New Guidance Issued To Boost Apprenticeship Success Rates

The government has called on the Institute for Apprenticeships and Technical Education (IfATE) to increase apprenticeship take up rates among young people, and address the high dropout rate. FE Week reports that the skills minister, Alex Burghart, has issued the new strategic guidance to the quango in an effort to boost success rates for the scheme.

The ultimate aim is to make apprenticeships more flexible to reflect the way modern industries work, and to make the scheme more easily accessible to both young people and employers. Currently, experts say that there is not awareness of the benefits of taking up an apprenticeship, and myths persist about excessive bureaucracy.

For example, Marketing Week reports that a mere 0.8% of responders in a recent survey said that they had completed an apprenticeship, compared with 91% who said that they had studied for a bachelor’s degree or higher. Furthermore, almost 60% of the respondents worked for a company which didn’t offer marketing apprenticeships.

Burghart told the publication: “Our goal across all levels is to ensure that we have high-quality apprenticeship standards designed by employers that will give students the skills the economy and society need.”

He added: “Apprenticeships can play a huge role in this and I want to continue to shift perceptions of post-18 study so that young people and their parents see the value of choosing a high-quality apprenticeship, such as those we are discussing in marketing, as a quality alternative to traditional university routes.”

Since the levy reforms in 2017, take up rates for apprenticeships have been declining for people aged under 19, falling from 24.8% in 2018/19 to 20.3% in 2020/21. Furthermore, over half of apprentices now drop out of the scheme before the end point assessment.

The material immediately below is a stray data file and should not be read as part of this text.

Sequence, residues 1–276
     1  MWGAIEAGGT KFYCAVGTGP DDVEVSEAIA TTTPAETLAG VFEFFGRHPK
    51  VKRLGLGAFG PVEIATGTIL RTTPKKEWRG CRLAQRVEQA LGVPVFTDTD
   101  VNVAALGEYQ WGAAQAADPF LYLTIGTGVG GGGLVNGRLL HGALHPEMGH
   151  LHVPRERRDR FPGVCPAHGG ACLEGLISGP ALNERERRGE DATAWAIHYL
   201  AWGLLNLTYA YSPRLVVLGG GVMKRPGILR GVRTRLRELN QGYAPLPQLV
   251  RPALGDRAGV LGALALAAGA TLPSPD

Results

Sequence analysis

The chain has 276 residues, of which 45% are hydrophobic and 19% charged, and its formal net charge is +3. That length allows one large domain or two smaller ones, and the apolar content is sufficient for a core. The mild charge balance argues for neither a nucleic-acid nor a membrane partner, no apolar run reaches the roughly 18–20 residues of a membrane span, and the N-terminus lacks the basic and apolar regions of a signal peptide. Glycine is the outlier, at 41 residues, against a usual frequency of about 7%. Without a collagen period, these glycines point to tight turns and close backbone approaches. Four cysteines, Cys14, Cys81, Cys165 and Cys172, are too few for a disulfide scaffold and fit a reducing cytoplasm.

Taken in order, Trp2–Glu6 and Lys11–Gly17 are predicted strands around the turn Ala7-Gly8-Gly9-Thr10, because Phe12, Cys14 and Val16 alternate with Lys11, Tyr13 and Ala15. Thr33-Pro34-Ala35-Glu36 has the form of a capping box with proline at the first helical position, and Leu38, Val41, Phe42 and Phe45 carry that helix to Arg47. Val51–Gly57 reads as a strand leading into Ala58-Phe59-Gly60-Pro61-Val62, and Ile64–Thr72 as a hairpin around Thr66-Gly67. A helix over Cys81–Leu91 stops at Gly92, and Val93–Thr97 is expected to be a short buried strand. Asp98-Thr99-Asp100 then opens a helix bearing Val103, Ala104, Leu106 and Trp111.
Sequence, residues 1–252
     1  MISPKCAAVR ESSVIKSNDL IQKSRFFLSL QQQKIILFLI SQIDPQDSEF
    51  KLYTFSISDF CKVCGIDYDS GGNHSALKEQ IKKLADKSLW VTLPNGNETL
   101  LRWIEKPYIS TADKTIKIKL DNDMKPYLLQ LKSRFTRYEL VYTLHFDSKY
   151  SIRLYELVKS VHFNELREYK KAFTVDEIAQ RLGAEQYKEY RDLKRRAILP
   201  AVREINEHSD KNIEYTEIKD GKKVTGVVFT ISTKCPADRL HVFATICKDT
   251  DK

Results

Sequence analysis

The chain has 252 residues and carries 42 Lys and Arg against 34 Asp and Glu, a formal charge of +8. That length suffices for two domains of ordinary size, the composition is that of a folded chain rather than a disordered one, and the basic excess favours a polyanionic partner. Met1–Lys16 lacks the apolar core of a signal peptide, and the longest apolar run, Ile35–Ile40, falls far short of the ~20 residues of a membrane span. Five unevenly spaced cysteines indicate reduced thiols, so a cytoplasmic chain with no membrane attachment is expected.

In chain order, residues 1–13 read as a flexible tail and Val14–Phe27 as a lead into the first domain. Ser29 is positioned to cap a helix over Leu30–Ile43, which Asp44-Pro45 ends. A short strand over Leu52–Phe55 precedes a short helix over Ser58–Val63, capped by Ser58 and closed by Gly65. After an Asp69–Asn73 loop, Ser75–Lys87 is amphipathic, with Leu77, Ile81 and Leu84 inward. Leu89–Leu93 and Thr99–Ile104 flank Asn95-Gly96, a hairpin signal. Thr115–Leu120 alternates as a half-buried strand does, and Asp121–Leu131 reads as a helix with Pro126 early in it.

An investigation into the reasons for this is currently underway, although it has been acknowledged that the pandemic impacted on the number of young people starting and persisting with apprenticeship schemes, often through no fault of their own.

There are signs already that numbers are bouncing back. The latest figures show that uptake has increased in the first two quarters of the academic year, by as much as 26% compared to the same time last year. The government has pledged to boost funding by an extra £2.7bn, and focus more on helping small to medium businesses to access the scheme.

Addressing the issues raised by Berghart, Jennifer Coupland, IfATE chief executive, said: “I’m delighted that the minister has recognised the impressive progress made by IfATE and the vital role we will play with creating a unified skills system that delivers for everyone.”

She added: “To ensure quality, the new skills system must all be based on standards set by employers and be easier for learners and employers to understand and navigate.”

Larger employers will be able to pledge levy funds to smaller businesses, and new more flexible apprenticeships have been designed to accommodate the way that modern workforces operate. It is hoped that the changes will encourage young people to consider an apprenticeship as a valid alternative to university.

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